TSCL also have an agronomy section which carries out new sugarcane variety trials, fertilizer trials, pest and disease control management, soil health follow-ups and a hot water treatment plant for the seed cane treatment, alongside a range of other agronomy activities to provide meaningful support to farmers for the optimisation of their crop. Transmara Sugar has also invested heavily in the implementation of a new transport system to reduce damage to the field and maintain yield to the farmers.

“We get 1,800 to 2,000 millimetres of rain a year, distributed over ten months and therefore do not require irrigation,” North-Coombes explains. “TSCL has invested heavily in developing a new transport system for use in this particular environment to reduce the damage to the fields and hence maintain the yield across the different crop cycles.”

The pay-off of TSCL’s efforts can be seen in its production. In 2017 the miller crushed 424,440 tons of cane to produce 42,026 tons of sugar. 4,500 hectares of cane had been developed across 2017 and 2018, during which Transmara Sugar crushed 578,000 tons of cane and produced 55,000 tons of sugar, while the following year 74,942 tons of sugar was produced.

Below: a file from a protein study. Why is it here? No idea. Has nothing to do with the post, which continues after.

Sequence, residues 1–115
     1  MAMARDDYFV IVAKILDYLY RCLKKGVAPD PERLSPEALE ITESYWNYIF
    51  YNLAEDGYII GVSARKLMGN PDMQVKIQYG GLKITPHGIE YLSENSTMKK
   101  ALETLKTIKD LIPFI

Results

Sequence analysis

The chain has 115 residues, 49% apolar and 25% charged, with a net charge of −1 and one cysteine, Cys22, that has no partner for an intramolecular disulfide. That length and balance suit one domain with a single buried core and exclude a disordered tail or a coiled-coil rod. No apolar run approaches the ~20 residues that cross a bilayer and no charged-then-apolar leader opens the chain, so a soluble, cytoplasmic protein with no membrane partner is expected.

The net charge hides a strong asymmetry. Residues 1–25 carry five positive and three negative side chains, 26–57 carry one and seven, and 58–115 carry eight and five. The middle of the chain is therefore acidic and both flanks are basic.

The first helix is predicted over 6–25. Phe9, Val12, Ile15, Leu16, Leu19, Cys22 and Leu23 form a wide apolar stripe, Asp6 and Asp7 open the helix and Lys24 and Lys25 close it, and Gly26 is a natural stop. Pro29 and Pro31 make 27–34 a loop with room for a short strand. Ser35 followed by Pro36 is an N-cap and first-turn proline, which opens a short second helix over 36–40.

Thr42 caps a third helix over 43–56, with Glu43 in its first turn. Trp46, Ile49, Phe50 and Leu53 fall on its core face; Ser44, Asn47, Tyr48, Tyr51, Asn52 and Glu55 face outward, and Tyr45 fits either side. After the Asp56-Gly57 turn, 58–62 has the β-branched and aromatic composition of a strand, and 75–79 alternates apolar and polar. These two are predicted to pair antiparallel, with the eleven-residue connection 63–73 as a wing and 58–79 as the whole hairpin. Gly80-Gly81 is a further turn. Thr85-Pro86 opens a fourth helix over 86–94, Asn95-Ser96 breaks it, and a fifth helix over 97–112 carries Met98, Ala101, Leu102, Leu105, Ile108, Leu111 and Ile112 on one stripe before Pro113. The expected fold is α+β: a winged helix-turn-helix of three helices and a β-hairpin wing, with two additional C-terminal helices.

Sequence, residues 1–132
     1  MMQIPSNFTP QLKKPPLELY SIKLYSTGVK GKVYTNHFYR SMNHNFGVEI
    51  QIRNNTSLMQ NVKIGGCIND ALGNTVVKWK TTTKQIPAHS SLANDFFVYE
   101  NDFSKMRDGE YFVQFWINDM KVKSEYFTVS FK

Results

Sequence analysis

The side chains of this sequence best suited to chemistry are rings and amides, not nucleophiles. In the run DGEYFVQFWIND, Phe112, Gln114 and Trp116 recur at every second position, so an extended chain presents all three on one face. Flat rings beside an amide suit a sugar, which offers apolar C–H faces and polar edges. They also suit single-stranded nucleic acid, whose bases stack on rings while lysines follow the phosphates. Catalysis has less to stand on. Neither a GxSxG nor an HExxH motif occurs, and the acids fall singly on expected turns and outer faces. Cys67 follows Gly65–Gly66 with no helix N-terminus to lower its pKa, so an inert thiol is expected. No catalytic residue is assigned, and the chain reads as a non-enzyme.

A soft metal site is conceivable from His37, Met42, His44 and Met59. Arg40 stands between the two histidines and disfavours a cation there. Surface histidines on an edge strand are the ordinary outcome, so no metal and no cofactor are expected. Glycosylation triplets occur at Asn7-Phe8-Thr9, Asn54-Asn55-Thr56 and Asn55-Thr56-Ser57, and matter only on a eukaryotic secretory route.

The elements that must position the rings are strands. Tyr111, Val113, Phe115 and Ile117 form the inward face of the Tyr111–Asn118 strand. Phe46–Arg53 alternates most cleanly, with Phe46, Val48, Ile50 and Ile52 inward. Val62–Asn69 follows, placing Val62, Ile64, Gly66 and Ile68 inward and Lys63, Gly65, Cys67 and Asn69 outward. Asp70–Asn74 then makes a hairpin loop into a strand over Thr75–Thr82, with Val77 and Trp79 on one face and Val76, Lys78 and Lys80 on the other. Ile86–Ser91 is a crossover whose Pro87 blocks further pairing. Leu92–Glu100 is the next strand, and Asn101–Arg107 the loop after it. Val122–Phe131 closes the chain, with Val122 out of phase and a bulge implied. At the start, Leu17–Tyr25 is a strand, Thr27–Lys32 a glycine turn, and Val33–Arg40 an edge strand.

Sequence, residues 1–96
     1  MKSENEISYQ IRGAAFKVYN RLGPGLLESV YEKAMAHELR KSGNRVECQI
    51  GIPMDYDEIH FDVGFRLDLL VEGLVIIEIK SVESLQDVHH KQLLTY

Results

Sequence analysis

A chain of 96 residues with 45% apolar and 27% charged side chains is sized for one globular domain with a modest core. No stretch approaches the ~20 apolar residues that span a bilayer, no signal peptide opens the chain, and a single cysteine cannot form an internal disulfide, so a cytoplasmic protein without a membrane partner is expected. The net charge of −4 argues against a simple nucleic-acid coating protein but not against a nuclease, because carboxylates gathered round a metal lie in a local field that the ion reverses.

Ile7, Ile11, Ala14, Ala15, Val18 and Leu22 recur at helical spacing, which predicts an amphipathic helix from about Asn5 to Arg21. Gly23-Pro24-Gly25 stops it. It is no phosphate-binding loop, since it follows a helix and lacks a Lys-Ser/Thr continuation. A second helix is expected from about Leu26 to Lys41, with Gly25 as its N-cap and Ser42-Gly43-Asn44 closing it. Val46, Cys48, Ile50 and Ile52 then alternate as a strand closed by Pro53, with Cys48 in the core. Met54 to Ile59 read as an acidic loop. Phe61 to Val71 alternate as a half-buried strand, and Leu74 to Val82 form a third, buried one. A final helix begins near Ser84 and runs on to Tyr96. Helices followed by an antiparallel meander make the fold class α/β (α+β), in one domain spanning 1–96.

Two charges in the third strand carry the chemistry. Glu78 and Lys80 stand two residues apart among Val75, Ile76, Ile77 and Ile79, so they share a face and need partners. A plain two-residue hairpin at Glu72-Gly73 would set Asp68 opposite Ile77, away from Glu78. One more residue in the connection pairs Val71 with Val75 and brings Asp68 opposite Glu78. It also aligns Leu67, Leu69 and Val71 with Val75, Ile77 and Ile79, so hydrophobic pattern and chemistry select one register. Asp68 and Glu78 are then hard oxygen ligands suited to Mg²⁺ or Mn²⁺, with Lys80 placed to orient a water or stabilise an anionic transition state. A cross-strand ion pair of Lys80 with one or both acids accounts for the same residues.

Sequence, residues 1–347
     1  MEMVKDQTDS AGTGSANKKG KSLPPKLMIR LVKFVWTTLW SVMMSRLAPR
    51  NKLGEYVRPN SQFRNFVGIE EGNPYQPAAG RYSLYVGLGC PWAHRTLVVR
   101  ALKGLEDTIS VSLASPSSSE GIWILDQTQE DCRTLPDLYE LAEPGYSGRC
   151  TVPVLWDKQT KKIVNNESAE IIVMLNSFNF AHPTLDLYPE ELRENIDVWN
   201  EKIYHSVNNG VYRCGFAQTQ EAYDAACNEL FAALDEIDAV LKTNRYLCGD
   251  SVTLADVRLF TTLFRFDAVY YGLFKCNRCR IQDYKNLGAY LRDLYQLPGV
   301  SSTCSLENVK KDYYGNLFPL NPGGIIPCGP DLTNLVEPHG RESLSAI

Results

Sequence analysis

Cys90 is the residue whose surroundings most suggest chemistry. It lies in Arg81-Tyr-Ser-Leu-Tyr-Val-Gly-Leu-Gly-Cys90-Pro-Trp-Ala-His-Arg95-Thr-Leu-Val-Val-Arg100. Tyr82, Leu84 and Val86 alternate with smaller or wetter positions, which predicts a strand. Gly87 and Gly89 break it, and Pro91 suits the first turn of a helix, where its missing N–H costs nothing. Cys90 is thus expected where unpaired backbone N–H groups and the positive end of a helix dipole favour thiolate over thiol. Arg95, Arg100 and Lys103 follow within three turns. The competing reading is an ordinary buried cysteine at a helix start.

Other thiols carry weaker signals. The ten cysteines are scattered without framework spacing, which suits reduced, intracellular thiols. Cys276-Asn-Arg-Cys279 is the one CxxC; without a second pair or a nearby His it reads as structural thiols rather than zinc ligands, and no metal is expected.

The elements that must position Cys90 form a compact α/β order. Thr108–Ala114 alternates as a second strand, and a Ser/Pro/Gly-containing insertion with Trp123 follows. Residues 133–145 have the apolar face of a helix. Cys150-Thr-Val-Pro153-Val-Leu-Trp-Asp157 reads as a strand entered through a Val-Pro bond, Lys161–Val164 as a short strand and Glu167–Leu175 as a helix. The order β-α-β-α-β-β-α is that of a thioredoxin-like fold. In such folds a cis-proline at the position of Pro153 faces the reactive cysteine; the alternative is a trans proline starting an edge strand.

Today Transmara Sugar’s Mara Sugar brand is one of Kenya’s leading locally milled sugar brands, with Transmara’s sales representing a fifth of the locally produced sugar sold in the country. This market penetration has been growing steadily over the last four years.

Sharing the Knowledge

While Transmara Sugar is undeniably an iconic Kenyan success story, it has also had to overcome challenges.

“At the beginning, cane availability was a challenge, but we’ve proved now that we can develop cane and have a partnership with our farmers growing cane in a sustainable manner,” North-Coombes points out.

This partnership has also involved training, both among the farmers that work with Transmara Sugar and the company’s own staff.

The miller has worked with farmers to adapt to the post-COVID environment. Sugar manufacturing is an essential service in Kenya so Transmara Sugar’s operations continued during the pandemic.

“We’ve had to put systems in place so we can continue our operation in a safe environment and we’ve been lucky in that so far we haven’t had any COVID cases at our plant,” North-Coombes says. “We’ve seen the market has been slower because the buying power of the customers has dropped, but our production team has put all the hygiene measures, social distancing, the wearing of face masks, and sanitation systems in place so we could continue safely.”

Meanwhile, Transmara Sugar already has one eye on the future. Looking ahead, North-Coombes sees more challenges, but also more opportunities.

“We still need to increase our supply,” he tells us. “We’re also looking into generating our own power. We want to launch a 25-megawatt power plant in the near future and maybe in the longer term begin adding value to our products, such as molasses.”